50 percent would vote for Obama
46 percent would vote for Romney
Of those struggling to remain middle class:
35 percent support Obama
58 percent support Romney
51 percent cite gas prices as a serious hardship
64 percent don't see the economy in their area improving
49 percent say jobs are difficult to find
More than 75 percent disapprove of Obama's handling of the economy
53 percent say that's a major reason to oppose him in November
Of those who describe themselves as "comfortable" or "moving up" beyond it:
59 percent support Obama
39 percent support Romney
17 percent see gas prices as a serious problem
37 percent say the economy isn't improving in their area
23 percent say jobs are very difficult to find.
40 percent disapprove of Obama's handling of the economy
57 percent trust Obama to protect the middle class
WHERE THEY'LL BE WEDNESDAY:
— Gingrich: Delaware
— Paul: Texas
— Romney: Connecticut, Rhode Island
IN THEIR WORDS:
— "And we made a decision over the weekend that while this presidential race for us is over, for me, and we will suspend our campaign effective today, we are not done fighting." — Rick Santorum.
— "Rick has waged a remarkable campaign. His success is a testament to his tenacity and the power of conservative principles." — Newt Gingrich, on Santorum dropping out.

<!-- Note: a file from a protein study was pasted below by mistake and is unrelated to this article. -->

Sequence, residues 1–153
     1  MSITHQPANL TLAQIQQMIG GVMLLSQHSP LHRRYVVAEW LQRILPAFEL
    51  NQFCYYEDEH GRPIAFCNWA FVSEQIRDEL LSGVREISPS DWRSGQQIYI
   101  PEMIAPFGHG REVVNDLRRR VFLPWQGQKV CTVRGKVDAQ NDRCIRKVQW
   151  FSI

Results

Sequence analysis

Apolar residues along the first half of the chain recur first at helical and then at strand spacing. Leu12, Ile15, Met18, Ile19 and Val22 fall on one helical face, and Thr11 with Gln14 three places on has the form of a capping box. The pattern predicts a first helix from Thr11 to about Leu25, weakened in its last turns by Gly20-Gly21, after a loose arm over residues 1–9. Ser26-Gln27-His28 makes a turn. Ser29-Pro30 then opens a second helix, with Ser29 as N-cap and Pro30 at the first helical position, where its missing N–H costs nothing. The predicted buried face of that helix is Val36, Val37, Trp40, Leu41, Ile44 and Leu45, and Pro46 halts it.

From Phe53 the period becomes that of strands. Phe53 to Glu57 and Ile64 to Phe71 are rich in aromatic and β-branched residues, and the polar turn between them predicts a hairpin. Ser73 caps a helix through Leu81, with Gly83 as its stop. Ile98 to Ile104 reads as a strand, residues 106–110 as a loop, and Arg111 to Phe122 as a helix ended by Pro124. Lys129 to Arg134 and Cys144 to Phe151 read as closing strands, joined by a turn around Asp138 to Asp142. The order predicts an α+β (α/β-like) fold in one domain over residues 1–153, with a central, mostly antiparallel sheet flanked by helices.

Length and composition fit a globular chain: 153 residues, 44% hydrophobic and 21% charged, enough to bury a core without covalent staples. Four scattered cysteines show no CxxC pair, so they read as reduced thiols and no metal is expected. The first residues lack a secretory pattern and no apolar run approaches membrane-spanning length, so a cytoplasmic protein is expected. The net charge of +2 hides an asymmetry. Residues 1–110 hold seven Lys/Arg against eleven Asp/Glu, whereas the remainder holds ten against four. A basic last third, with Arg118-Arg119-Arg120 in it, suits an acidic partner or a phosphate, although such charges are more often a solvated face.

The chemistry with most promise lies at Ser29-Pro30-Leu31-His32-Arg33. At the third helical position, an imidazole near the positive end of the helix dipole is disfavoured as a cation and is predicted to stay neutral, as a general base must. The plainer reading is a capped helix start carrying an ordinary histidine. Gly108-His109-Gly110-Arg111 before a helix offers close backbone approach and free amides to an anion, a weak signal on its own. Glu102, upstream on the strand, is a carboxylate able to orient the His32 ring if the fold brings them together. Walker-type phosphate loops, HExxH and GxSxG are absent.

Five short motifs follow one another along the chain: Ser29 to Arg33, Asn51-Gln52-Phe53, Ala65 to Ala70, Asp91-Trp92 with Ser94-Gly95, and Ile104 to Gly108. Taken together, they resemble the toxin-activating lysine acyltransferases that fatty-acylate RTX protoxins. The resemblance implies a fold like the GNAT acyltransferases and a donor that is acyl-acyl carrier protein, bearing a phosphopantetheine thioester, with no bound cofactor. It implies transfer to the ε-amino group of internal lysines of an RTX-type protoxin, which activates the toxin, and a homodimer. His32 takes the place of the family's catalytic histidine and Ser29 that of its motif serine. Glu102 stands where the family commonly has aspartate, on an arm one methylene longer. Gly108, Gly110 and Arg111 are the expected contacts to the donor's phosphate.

— "Congratulations to Sen. Santorum on running such a spirited campaign. Dr. Paul is now the last - and real - conservative alternative to Mitt Romney. We plan to continue running hard, secure delegates, and press the fight for limited, constitutional government in Tampa." — Ron Paul campaign chairman Jesse Benton, on Santorum leaving campaign.
— "It's no surprise that Mitt Romney finally was able to grind down his opponents under an avalanche of negative ads. But neither he nor his special interest allies will be able to buy the presidency with their negative attacks." — Jim Messina, President Barack Obama's campaign manager, on developments in the GOP campaign.
— "I wish they weren't called the Bush tax cuts. If they're called some other body's tax cuts, they're probably less likely to be raised." — Former President George W. Bush on the tax cuts he enacted in 2001 and 2003 that Democrats want to see expire and Republicans want to keep in place.
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